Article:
BVAS Wetlands Reserve
BVAS Wetlands Reserve was BVAS's first property acquisition; Escrow closed in January, 2016 on this 3.5-acre piece of property across the street from the BVAS Nature Center. This parcel is a key piece of rare undeveloped coastal habitat, and is also adjacent to the Buena Vista Lagoon Ecological Reserve.
Home to the endangered Light-footed Ridgway's Rail (formerly known as Clapper's Rail) and other rare species of birds, this piece of land also provides a buffer between urban development and the Ecological Reserve. BVAS plans to restore this parcel to its historical salt marsh wetlands and coastal sage scrub habitat in the future. More immediately, BVAS is working to remove exotic plants, such as eucalyptus trees, fennel, and ice plant, and engages in regular trash removal.
The property was slated to become an 82-room hotel in 2008, but due to wetland delineation issues identified by the Coastal Commission, the project was scrapped. Shortly after, BVAS looked into purchasing the property, but the price of $7 million was prohibitive; In 2013,a new owner dropped the price to $1.5 million, and expressed interest in BVAS purchasing the land for conservation. BVAS then began the land purchasing process, including reaching out to BVAS members, the community, and state agencies for support.
BVAS created the BVAS Ridgway's Rail Society Land Acquisition Fund to raise money from the community. Through this fund, $70,000 was acquired from over 200 individual donors. In addition, three non-profit groups each pledged $50,000 towards purchase of the land: Preserve Calavera, North County Advocates, and The Wimberly Fund of Audubon California. And the Buena Vista Lagoon Foundation donated $10,000. This community commitment, support and, collaboration paved the way for BVAS to be awarded a grant of $1.35 million given from the Wildlife Conservation Board of the Department of Fish & Wildlife in December, 2015,to complete the funding needed to acquire the land.
BVAS Andy Mauro Nature Preserve
BVAS closed escrow in 2017 on purchasing a 31-acre parcel (previously owned by the Cheatham family) that lies in between the San Luis Rey River and Camp Pendleton. The property lies at the end of Muirfield Drive in Oceanside. Acquiring this land has effectively linked together four contiguous protected areas: Camp Pendleton directly to the north, and a piece of city owned property and Whelan Lake Bird Sanctuary to the east (see map). The city-owned property was restored in 2015 to provide habitat for the endangered Southwest Willow Flycatcher and Least Bell’s Vireo. BVAS plans to restore the property to coastal sage scrub, grasslands and maritime succulent scrub to provide habitat for the federally protected coastal California gnatcatcher (Polioptila californica californica) and the coastal cactus wren (Campylorhynchus brunneicapillus). BVAS developed the five-year restoration plan in partnership with the U.S. Department of the Navy and Camp Pendleton.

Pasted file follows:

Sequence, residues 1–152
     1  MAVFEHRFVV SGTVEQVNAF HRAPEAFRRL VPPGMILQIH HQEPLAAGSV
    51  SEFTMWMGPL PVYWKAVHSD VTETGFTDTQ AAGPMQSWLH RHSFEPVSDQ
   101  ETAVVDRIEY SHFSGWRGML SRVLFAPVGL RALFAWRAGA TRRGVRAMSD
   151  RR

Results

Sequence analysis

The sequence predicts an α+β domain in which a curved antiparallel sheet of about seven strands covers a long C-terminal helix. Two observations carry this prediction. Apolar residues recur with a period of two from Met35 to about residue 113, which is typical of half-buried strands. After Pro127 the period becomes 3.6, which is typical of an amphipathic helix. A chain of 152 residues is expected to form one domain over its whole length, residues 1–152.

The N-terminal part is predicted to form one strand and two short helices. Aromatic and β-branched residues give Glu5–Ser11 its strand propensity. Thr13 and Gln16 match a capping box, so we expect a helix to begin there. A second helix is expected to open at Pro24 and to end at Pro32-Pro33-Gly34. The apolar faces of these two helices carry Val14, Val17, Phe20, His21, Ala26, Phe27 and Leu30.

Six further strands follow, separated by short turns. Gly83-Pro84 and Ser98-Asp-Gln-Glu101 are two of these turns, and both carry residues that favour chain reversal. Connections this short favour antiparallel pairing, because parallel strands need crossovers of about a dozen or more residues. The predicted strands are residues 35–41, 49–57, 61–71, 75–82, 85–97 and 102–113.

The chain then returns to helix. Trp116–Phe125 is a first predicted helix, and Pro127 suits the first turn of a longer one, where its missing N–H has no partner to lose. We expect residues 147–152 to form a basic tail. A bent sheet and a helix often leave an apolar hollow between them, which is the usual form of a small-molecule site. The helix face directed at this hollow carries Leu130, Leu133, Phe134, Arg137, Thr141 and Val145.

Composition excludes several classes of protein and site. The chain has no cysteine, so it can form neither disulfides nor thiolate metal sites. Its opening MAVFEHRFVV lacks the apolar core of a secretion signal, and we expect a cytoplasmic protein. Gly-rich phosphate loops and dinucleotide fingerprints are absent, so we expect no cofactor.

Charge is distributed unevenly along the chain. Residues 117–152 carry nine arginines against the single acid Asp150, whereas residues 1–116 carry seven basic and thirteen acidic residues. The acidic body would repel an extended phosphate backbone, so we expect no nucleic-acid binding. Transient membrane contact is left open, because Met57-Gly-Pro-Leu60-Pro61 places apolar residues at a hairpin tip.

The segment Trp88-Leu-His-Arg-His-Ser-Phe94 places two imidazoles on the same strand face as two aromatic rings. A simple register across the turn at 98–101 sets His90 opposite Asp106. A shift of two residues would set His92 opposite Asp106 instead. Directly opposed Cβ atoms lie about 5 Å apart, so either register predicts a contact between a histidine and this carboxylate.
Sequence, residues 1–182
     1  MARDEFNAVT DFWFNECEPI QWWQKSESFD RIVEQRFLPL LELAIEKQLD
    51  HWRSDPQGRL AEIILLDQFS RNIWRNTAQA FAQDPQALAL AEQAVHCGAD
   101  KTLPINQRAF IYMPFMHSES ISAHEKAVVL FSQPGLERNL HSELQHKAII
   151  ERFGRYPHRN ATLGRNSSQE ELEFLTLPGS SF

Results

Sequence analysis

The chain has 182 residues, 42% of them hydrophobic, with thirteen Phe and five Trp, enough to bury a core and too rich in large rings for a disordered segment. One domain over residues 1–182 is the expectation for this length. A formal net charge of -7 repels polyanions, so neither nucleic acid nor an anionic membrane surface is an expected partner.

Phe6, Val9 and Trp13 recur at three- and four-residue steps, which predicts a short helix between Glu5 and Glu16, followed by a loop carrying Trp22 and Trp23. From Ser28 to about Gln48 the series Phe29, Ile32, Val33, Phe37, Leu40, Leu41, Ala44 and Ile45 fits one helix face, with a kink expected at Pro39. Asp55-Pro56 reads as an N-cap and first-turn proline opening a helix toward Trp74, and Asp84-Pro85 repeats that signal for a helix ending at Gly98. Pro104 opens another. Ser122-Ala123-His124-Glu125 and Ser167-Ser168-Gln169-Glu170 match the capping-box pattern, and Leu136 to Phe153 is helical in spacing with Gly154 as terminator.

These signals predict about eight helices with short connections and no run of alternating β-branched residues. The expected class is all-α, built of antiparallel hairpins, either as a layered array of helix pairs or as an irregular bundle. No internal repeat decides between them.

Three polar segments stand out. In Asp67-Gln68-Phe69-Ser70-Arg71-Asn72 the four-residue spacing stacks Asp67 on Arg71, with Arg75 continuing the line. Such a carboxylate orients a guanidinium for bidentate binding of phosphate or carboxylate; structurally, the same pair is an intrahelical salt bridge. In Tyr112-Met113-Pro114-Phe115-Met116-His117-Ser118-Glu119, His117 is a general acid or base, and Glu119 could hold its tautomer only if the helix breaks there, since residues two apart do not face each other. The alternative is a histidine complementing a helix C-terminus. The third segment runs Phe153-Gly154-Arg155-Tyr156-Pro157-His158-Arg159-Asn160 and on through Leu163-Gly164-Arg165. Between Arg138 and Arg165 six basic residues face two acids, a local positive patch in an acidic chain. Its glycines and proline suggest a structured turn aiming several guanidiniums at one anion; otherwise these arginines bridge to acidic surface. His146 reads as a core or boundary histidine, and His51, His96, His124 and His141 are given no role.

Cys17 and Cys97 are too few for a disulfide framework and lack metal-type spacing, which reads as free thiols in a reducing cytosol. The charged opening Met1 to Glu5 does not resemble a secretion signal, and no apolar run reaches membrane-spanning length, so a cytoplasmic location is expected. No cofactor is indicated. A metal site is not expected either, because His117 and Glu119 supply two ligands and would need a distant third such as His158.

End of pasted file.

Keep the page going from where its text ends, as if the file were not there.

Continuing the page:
BVAS has hired Trestles Environmental Corporation (from Fallbrook) to conduct and manage this project. The first two years of restoration will focus solely on removing invasive weeds. These efforts kicked off in late August, 2019, with the rumble of mowing machines cutting swaths through thickets of fennel, mustard, and thistle. Planting and seeding of native plants will occur from years 3-5. Once restoration is complete, long-term management begins, which involves land maintenance activities and monitoring into perpetuity.
BVAS is grateful to those who helped make it possible to permanently protect this parcel.
Land Conservation Brokerage, Inc, facilitated the complex land acquisition transaction, which included helping find funding partners. The United States Department of the Navy paid for half of the $1.56 million acquisition costs, and is paying for all of the restoration and long-term management costs-in all, an approximate $3.1 million value. And the California Natural Resources Agency awarded BVAS $700,000 for the land acquisition. As with the BVAS Wetlands Reserve purchase, BVAS members and partners stepped up to help make up the $115,000 funding shortfall: Donations from members covered about $40,000, and North County Advocates, California Audubon's Wimberly Fund, and the Malk Nature Fund made up the rest by contributing $20,000, $25,000, and $30,000, respectively.
And a special thank you to the Cheatham family (Scot & Aileen, and David & Sharon) for working with BVAS over the past three years, patiently waiting for us to find the right funding partners, and agreeing to extend the purchase agreement.
BVAS wishes to thank all our donors & volunteers for helping make acquiring & protecting these critical pieces of land possible.
Besides protecting and restoring wildlife habitat, the Andy Mauro Nature Preserve also hosts a UNAVCO GPS monitoring station, which monitors the earth's movement using satellites and geodesy. For more information on this cool project, check out the UNAVCO website.
Future Funding Needs: The Ridgway's Rail Society Fund
What now? BVAS has now acquired the BVAS Wetlands Reserve and BVAS Andy Mauro Nature Preserve, but we continue to raise funds for the Ridgway's Rail Society Fund for managing and restoring these properties, for future land acquisitions, conservation easements, and advocacy work. For more information about the Ridgway's Rail Society Fund.
Conservation Through Education, Advocacy, Land Management, and Monitoring
Buena Vista Audubon
PO Box 480
Oceanside, CA 92049
Tuesday 10 am-4 pm
Wednesday 10 am-4 pm
Thursday 10 am-4 pm
Friday 10 am-4 pm
Saturday 10 am-4 pm